Eye For Film >> Movies >> U2 3D (2008) Film Review
Reviewed by: Paul Griffiths
Odds on it was going to be U2, having consistently embraced emerging technologies to further the audio-visual experience for their legions of fans. Now the stadium showmeisters deliver the first rock concert film in Imax 3D.
If you’re not one of those fans, the prospect of seeing a 30ft Bono looming over you will undoubtedly leave you cold. If you are a fan, or enjoy new cinematic encounters, this is an intermittently awesome experience.
Directors Catherine Owens and Mark Pellington filmed the band on the South American leg of their global Vertigo tour, wisely sticking to the concerts with no backstage musings getting in the way. Ground-breaking camera work, mostly achieved by taking revolutionary digital 3ality cameras and breaking ground with them, captures some stunning, roving images of the musicians and enormous crowds. Ok, fore-grounded microphone stands consistently come out the crispest, but with slowly tracking or headily sweeping camera shots any number of sequences stand out, in all senses.
Larry Mullen drumming amongst the crowd, innumerable lighters and mobile phones waving, refracting light blooms, wisping smoke effects, shots of Bono mixed with a huge backdrop animation, shoulder-hoisted fans in the foreground - all show off the true potential and benefits of 3D film as the group run through a set list that takes in most of their well-known singles. Making maximum use of the superior Imax sound system, this is perhaps the most fitting cinematic home for footage of the immense stadiums and the band’s huge sets. Despite Bono’s grating preponderance for fey messiah posing and irritatingly waving his hands into the camera, I got a shiver when Sunday, Bloody, Sunday kicked in and their rendition of The Fly, complete with text graphics flying towards and around you, is a visually overwhelming experience.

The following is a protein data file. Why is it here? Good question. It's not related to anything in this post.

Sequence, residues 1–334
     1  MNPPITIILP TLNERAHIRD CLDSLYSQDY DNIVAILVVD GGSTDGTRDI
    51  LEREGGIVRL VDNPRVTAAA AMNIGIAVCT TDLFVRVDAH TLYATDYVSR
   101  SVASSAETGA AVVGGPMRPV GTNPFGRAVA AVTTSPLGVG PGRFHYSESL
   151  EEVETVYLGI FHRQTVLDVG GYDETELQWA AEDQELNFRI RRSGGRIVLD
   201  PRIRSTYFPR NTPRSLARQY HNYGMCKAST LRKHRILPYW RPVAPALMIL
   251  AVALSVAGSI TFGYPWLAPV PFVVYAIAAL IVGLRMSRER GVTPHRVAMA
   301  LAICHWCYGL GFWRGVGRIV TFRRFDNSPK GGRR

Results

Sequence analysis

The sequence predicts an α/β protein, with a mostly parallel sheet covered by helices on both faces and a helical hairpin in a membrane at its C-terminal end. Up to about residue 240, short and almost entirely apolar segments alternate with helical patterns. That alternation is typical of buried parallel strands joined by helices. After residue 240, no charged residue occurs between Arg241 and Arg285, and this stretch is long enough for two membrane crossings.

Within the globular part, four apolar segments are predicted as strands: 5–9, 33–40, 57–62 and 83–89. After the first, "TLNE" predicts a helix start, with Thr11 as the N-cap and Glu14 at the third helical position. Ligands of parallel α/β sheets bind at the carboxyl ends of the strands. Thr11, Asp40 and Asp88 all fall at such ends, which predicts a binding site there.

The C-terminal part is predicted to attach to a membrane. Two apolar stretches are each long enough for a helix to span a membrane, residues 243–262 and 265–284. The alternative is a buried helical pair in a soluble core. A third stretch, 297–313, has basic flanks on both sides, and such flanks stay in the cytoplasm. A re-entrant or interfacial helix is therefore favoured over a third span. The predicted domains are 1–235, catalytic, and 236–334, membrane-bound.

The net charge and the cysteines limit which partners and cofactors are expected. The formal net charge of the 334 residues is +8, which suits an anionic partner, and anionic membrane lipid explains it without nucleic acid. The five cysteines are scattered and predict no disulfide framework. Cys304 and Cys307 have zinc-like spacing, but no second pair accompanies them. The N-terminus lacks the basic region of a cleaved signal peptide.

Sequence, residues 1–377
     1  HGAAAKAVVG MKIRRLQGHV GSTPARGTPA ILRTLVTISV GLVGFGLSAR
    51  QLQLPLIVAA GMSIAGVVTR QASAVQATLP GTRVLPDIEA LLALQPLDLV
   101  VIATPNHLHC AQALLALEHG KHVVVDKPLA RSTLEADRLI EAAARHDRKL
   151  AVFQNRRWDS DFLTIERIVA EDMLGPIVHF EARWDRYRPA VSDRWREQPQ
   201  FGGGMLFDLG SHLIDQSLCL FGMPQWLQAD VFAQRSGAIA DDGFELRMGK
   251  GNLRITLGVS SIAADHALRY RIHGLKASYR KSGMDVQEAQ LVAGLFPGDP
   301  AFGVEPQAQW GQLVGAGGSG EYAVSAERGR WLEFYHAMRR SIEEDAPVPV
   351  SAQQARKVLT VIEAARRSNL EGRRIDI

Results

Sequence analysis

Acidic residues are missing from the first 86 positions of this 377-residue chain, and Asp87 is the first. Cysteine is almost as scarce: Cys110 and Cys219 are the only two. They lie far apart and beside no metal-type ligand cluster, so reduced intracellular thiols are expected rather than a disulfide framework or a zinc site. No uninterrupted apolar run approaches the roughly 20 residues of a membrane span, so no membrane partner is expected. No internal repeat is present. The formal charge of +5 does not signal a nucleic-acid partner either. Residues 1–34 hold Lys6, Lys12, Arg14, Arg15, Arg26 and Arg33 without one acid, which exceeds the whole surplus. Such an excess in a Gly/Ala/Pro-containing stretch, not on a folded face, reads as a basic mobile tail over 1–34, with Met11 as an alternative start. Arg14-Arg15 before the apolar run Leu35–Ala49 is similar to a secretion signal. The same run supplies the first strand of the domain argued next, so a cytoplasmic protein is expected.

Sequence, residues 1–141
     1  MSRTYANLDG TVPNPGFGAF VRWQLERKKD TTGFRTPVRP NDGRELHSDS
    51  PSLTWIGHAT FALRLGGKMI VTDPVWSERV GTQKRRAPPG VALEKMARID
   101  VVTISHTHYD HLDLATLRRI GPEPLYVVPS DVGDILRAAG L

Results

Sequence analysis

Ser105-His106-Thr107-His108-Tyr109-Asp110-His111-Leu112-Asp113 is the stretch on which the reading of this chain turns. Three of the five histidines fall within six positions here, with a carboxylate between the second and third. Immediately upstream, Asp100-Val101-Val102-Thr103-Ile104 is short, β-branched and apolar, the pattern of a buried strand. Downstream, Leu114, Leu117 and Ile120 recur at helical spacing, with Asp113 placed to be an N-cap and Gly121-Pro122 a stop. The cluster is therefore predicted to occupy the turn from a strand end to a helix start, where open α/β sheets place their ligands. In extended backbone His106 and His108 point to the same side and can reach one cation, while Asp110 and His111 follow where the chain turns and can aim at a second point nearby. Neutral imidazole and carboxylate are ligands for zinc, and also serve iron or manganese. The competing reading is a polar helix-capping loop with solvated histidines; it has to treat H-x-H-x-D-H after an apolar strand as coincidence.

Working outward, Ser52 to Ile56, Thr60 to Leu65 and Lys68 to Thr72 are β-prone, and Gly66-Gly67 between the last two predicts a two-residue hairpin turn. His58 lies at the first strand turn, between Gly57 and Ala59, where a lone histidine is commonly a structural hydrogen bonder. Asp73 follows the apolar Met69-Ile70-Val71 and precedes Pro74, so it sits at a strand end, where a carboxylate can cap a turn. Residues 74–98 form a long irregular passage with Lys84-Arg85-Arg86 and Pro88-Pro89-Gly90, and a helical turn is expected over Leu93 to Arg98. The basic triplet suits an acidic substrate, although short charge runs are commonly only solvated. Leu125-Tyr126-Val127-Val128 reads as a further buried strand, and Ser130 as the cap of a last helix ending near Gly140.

U2 3D shows that the technology is now good enough for 3D to be a proper film experience rather than just a gimmick. Now that there are enough Imax theatres around the world to make it a viable venture, this and other 3D films, such as the recent Beowulf, introduce intriguing filmic premises. We can now feel the image encroach upon us, more immediately imagine it reaching out to bridge the space between the screen and the audience. The viewed and viewer, spectator and image, the seen and seeing are more intimate and embroiled. Never is this more accentuated here than in Owens and Pellington’s frequent montages, where three edited sequences are blended together not just on the screen, but virtually in layers before and away from it as well. The distance between the screen and seat is no longer a separating void, more an extended area of relationship. Mise-en-space, as it were. That said, it’s only rock and roll - but I like it.
Is watching this film better than standing at the concert? Of course not. Is it better than watching a standard concert film? Definitely.Reviewed on: 17 Feb 2008
If you like this, try:U2: Rattle And Hum